A Progessive’s Take on Prepping

There is a huge movement in the US to prepare for the collapse of civilization. There are many reasons an individual “prepper” might believe that they will cut off from the supply chain. Disaster scenarios include:

  • Acts of war such as thermonuclear war or large-scale terrorist attack.
  • Natural disasters such as hurricanes, volcanoes, tornadoes, earthquakes, tsunamis or meteor strikes.
  • Manmade disasters such as a broken dam, trucker’s or other strike, chemical spills, and as mentioned above, acts of war.
  • Government embargo.
  • Alien invasion. The space type, not the Hispanic baby type.
  • Zombie Apocalypse.
Mexican alien baby

Alien baby crossing the border
from Mexico into the US,
artist’s interpretation.

Extreme, yes! But if you’re a sensible person who has been through a natural disaster you know that at least one of these is not only possible, but happen regularly.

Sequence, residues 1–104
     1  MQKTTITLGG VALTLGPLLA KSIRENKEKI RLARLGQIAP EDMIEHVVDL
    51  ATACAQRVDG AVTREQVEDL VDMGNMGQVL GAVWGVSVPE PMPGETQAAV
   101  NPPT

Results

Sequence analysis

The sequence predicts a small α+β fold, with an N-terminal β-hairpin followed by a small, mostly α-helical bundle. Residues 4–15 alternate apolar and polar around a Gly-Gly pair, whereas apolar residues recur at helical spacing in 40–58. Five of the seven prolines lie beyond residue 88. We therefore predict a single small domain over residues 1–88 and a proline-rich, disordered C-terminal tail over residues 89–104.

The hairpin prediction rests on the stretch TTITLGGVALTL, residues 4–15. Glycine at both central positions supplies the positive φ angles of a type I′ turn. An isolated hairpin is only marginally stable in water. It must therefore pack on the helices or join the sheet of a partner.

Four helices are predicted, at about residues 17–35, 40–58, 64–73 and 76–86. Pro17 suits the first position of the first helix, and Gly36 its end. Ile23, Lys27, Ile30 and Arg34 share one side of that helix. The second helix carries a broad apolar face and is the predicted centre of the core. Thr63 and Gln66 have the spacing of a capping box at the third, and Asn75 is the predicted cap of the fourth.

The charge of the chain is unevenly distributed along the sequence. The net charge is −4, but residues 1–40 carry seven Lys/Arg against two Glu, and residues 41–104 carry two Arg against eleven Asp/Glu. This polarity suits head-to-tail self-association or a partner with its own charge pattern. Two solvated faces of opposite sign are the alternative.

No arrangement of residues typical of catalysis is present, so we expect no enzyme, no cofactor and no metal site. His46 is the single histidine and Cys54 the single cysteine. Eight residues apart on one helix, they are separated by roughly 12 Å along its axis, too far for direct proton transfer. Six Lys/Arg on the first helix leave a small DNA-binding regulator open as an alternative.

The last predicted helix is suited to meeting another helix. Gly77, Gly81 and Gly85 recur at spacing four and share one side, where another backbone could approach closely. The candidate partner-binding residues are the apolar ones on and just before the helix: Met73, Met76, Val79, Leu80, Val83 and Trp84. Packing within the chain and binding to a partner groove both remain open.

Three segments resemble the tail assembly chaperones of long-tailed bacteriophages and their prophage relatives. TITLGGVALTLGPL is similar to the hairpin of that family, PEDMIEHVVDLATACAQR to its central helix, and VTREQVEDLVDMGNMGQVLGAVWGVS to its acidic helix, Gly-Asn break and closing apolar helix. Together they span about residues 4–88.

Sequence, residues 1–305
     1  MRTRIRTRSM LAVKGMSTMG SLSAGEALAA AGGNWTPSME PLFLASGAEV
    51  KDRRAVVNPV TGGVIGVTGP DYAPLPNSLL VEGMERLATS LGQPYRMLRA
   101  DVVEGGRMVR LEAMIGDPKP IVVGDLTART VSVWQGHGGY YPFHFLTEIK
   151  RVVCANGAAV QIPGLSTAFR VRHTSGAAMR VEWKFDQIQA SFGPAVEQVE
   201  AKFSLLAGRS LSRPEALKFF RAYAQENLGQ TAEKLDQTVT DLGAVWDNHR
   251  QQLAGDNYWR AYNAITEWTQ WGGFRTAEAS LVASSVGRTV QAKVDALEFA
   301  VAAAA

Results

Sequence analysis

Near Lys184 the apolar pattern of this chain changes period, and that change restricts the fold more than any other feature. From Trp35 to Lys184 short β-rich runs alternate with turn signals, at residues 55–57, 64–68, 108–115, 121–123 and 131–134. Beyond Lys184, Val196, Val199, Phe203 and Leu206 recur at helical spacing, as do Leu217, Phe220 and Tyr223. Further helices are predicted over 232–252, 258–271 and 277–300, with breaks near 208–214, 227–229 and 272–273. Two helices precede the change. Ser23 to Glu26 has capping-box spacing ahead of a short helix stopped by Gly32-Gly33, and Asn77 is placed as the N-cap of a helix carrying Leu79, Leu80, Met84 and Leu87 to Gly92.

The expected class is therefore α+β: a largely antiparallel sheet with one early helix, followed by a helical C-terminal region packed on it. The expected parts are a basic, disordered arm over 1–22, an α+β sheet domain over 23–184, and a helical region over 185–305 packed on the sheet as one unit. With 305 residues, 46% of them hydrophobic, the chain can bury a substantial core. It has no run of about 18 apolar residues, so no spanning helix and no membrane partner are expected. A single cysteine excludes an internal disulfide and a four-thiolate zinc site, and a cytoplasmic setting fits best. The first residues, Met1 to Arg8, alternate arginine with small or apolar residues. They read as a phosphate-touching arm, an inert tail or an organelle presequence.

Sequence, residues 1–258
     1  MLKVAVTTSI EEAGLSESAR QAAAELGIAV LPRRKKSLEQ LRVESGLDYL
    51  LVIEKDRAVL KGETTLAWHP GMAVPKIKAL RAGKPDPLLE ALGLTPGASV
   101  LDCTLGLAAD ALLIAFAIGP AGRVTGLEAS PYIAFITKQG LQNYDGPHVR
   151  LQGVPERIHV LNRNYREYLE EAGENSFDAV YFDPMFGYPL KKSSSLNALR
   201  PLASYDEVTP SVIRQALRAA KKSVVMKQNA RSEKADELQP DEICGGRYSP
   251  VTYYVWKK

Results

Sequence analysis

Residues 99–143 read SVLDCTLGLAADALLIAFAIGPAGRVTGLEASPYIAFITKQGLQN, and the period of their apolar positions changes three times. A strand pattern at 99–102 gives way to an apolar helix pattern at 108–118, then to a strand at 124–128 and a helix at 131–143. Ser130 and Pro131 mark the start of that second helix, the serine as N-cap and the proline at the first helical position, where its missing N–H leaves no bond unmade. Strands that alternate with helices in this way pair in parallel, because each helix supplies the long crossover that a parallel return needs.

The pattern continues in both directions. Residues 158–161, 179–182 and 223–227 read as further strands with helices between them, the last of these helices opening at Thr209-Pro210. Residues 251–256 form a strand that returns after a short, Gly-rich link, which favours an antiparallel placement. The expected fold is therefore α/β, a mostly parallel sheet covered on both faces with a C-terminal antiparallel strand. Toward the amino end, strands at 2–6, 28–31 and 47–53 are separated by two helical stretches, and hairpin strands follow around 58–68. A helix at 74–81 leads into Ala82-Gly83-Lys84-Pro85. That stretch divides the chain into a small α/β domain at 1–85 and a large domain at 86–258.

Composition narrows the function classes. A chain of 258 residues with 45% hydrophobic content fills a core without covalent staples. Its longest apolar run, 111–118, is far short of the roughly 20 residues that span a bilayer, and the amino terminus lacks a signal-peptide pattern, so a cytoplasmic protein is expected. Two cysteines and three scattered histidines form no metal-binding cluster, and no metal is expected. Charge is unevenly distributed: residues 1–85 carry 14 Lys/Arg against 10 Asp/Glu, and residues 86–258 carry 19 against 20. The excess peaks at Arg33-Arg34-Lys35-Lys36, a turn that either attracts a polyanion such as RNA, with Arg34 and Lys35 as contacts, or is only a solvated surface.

“The government will send FEMA to take care of us. The Red Cross will show up with coffee and blankets. Why should I worry?” Well, FEMA and the Red Cross are finite resources. They may take time to get to you. Maybe you won’t be able to travel to the shelter.

We made out just fine after Superstorm Sandy. Fortunately, our house was undamaged. Others weren’t so lucky. More about them in another post.

superstorm Sandy Lessons learned

Spoken as a true girl scout!

This is not a prepper blog. (We used to call them “survivalists.”) It is a blog by a techie who happened to go without power for a week after Superstorm Sandy. If you had moments of panic during Sandy, if you went to a shelter only because you were cold and had no food, or no way to cook food, then this is for you.

We made out just fine after Superstorm Sandy. First off, our house was undamaged. We’re old campers – and I’m an old Girl Scout – with flashlights scattered all over the house. We have a basement full of lanterns, cookstoves (plural, yes) and of course, warm sleeping bags. We happened to have a lot of canned goods on hand and a freezer full of food that needed to be eaten quickly. It was like a big camping trip but with a roof and cats. Spoiled cats who acted as blankets when it got cold in the house.

We quickly learned the ways we weren’t prepared. The next few articles will contain a few steps you can take to help you stay comfortable and safe after a disaster.

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